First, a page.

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For the last 60 years, electron microscopy has been a key imaging method to investigate biological ultrastructure such as the brain. In more recent years, novel volume electron microscopy techniques have opened the door for nanometer-scale visualization of cells and tissues in three dimensions.
Electron microscopy was first developed in the 1930s and soon became a powerful means of biological imaging, employed to investigate macromolecules and organization of cell structures at organelle level. It utilizes a beam of electrons to create an image of a specimen. Compared to light microscopy, the technique is capable of higher magnifications and has greater resolving power, meaning it can image smaller objects in finer detail.
An electron microscope contains electromagnetic and/or electrostatic lenses which control the path of electrons; the beam of electrons passes through the center of a solenoid (a coil of wire around the outside of a tube). An electric current travels through the solenoid which generates an electromagnetic field; the electron beam is sensitive to the electromagnetic field, and can be controlled by varying the current through the solenoid. The faster the electrons travel the shorter their wavelength, and since the wavelength of light used to form an image is directly related to resolution, reducing the wavelength increases the resolution of an image.
However, electrons can only penetrate thin surfaces. In order to visualize, for example, a whole cell, the cell would have to be manually sliced and imaged section by section using transmission electron microscopy. The process is slow, prone to error and sections can be easily lost or damaged, not to mention it requires extreme manual dexterity.
The technique was extended in the early 1980s when scanning electron microscopy was combined with a miniature ultramicrotome, and volume electron microscopy (VEM) was born. Volume electron microscopy suddenly became readily accessible and increasingly automated; the ultramicrotome thinly sliced the sample with a diamond or glass knife, before the sample surface was scanned with a focused beam of electrons to produce an image. VEM has broadened the scope of where electron microscopy can be applied beyond the brain, and has enabled scientists to study complex biological structures such as organelles or neuronal networks in unprecedented detail in three dimensions. Volume electron microscopy can capture of thousands of serial images with little human interaction, quickly, easily and reliably.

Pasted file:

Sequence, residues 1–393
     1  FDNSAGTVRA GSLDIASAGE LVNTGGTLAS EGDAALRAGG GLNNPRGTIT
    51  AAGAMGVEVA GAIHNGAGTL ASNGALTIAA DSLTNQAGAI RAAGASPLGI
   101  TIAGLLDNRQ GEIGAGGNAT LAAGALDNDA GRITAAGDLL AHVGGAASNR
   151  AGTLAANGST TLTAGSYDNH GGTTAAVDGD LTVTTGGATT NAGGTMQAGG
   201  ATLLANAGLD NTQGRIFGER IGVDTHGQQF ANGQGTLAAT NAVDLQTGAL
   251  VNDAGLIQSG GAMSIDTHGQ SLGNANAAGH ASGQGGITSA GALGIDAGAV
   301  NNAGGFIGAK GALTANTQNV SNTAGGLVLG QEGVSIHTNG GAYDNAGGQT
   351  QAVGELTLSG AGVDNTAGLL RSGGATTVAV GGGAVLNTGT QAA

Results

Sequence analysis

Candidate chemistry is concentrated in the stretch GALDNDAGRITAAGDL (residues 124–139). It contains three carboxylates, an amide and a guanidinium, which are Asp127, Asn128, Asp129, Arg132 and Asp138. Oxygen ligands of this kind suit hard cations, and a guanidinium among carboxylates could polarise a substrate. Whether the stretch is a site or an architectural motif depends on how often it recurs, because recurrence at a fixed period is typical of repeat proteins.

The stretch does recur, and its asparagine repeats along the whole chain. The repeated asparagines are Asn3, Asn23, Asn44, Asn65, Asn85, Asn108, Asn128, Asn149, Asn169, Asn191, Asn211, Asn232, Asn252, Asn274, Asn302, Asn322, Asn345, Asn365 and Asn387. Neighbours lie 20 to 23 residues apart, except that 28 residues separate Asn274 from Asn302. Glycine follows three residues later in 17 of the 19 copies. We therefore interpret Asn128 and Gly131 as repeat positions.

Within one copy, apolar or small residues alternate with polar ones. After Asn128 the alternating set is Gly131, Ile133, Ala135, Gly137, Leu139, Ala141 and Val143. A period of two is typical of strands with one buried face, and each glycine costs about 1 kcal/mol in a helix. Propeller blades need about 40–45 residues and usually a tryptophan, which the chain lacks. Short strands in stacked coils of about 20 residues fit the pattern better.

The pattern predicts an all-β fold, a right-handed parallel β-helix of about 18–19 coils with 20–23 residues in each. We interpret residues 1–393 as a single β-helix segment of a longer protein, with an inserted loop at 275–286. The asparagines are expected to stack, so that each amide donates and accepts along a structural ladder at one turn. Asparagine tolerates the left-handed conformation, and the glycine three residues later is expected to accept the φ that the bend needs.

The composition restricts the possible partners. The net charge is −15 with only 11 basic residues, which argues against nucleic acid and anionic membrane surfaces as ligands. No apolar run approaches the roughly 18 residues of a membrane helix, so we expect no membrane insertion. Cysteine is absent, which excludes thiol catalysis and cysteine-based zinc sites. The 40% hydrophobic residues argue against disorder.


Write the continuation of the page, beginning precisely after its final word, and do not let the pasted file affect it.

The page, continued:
There are several methods that a scientist might choose depending on factors such as size of target volume, required resolution, if sections need to be retained and the time available for acquisition:
- Serial block-face electron microscopy (SBEM) utilizes a diamond knife to iteratively remove a slice from a block-face before imaging. Once cut away, the slice is lost.
- Focused ion beam SEM (FIB SEM) employs a beam of gallium ions instead of a knife to slice a thin layer from a sample. Again, when the slice has been imaged, it is lost.
- Automated tape-collecting ultramicrotome SEM (ATUM-SEM) collects serial thin sections of a sample onto tape. The sample is then manually transferred onto wafers for imaging. Samples here can be retained for reimaging when necessary.
Automated volume electron microscopy has filled an imaging gap by allowing for readily available ultrastructural three-dimensional datasets. It has significantly improved the acquisition of biological tissues in three dimensions, but there is still further to go, especially in neuroscience, if larger samples are to be images. The introduction of integrated light and electron microscopy has the potential to revolutionize volume electron microscopy – its prospects are challenging, but bright and exciting.
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